In a letter from the Congregation of Divine Worship and the Discipline of the Sacraments, dated over a month ago (June 23) and given Protocol number 1464/06/L, Cardinal Arinze (Prefect of the Congregation) wrote to Cardinal George (President of the US Conference of Catholic Bishops), saying that the release of this first part of the English translation of the Roman Missal (notice that it's not being called a "Sacramentary" anymore) will "provide time for the pastoral preparation of priests, deacons, and for the appropriate catechesis of the lay faithful." Once all the parts of the Missal receive the recognitio, and the Missal is published, then Cardinal George will announce when use of it is to begin.
In addition, it's also being released to that musicians can get to work composing musical settings for the new translations, so I hope liturgical musicians will be sharpening their pencils and getting busy soon.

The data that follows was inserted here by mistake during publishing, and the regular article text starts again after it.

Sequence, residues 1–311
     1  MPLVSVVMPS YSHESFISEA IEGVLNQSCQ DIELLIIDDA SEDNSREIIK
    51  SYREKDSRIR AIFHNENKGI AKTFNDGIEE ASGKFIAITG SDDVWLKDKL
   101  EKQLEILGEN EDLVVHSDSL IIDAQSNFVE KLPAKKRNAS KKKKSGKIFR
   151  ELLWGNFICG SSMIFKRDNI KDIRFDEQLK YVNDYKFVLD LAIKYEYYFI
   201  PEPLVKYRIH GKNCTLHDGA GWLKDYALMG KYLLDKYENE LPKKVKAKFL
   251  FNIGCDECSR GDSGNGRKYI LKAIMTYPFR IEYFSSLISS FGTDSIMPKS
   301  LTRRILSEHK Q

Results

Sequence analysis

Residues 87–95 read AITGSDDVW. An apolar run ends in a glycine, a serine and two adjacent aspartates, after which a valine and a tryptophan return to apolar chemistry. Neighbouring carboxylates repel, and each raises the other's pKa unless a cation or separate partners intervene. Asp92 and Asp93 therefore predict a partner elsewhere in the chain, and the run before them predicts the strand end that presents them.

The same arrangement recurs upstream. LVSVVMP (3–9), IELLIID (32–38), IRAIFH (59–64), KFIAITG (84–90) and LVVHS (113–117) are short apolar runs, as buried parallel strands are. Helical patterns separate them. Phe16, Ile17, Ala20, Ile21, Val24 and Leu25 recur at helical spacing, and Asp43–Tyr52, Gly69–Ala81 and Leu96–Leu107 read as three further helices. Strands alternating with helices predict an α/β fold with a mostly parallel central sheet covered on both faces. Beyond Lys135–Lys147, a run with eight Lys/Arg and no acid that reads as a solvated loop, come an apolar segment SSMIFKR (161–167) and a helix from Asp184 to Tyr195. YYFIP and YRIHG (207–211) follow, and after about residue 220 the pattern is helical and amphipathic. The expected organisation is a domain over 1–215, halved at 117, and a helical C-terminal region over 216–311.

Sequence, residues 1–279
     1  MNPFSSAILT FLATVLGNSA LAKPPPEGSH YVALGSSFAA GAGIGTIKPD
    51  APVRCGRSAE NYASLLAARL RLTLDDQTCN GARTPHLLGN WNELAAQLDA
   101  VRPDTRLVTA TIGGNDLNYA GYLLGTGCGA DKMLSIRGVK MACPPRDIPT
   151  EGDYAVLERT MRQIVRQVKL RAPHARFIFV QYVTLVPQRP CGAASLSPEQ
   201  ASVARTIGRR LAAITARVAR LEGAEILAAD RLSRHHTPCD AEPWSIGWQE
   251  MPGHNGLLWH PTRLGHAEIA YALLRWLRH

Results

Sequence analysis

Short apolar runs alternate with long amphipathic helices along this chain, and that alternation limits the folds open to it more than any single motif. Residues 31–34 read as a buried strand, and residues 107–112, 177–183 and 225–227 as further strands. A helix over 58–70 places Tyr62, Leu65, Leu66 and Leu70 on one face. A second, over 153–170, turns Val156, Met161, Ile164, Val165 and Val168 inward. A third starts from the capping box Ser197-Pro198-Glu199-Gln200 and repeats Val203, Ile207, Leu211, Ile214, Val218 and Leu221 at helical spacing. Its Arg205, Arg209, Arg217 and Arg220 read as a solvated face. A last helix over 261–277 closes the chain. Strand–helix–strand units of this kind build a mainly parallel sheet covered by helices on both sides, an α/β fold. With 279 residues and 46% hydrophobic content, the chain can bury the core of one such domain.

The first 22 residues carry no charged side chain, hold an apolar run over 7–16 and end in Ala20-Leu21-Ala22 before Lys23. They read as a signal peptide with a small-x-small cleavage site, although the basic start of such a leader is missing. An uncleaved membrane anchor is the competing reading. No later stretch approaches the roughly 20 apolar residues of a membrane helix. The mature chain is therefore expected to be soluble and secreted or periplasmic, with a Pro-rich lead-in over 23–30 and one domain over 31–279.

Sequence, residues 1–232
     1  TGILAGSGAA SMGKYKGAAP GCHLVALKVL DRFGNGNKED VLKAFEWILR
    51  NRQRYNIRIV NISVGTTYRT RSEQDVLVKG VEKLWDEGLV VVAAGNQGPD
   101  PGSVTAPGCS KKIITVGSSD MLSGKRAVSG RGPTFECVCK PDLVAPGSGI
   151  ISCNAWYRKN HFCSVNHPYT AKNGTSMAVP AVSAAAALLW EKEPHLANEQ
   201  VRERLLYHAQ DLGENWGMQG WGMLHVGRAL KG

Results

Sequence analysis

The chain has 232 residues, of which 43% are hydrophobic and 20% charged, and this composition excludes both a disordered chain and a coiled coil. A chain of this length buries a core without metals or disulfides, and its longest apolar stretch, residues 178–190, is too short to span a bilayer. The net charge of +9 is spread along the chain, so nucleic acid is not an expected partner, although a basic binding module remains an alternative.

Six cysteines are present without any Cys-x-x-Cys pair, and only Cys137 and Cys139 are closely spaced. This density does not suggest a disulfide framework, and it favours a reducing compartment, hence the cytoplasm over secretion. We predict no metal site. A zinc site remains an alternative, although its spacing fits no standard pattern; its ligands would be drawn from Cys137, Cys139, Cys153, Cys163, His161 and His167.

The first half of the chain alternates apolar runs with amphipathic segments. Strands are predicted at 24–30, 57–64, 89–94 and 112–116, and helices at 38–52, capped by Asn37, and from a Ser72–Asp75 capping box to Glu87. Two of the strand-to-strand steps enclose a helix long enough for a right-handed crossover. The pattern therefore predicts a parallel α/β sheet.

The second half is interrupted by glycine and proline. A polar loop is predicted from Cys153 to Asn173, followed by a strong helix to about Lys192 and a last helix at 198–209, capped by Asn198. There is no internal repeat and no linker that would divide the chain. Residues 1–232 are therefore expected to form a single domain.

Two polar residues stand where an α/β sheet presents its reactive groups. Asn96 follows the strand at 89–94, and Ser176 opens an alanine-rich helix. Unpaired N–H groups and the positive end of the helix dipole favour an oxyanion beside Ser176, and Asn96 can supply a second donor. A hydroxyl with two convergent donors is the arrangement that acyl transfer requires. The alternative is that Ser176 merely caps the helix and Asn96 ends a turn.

A friend of mine sent me the translations, and I've given it a perfunctory reading, skimming it briefly. Other blogs are commenting on the content abundantly, so I won't need to do so. But I will say this: There's much more of a change for the clergy than there is for the laity. In attempting to read the Eucharistic Prayers out loud, I kept "messing up", jumping back into the current translation that has been burned into my memory. So for those who say "The Pope is making it hard for the people", realize he's asking the clergy to take a bigger bite. In short, "we'll feel your pain".
Make no mistake about it: there's going to be "turbulence" (to use a flying metaphor), as clergy and laity adjust to the new language. We'll have some bumpy roads as we adjust. Plus, I can't even imagine what will happen when the "Christmas and Easter" crowd comes to Mass after the translation change and end up competing with regular Mass-goers, for a blend of "And also with you" with "And with your Spirit", among other things. I'm sure parishes and publishing companies will be busy making "pew booklets" (you can't call them "missalettes", because one publishing company owns the rights to that word) with the translations.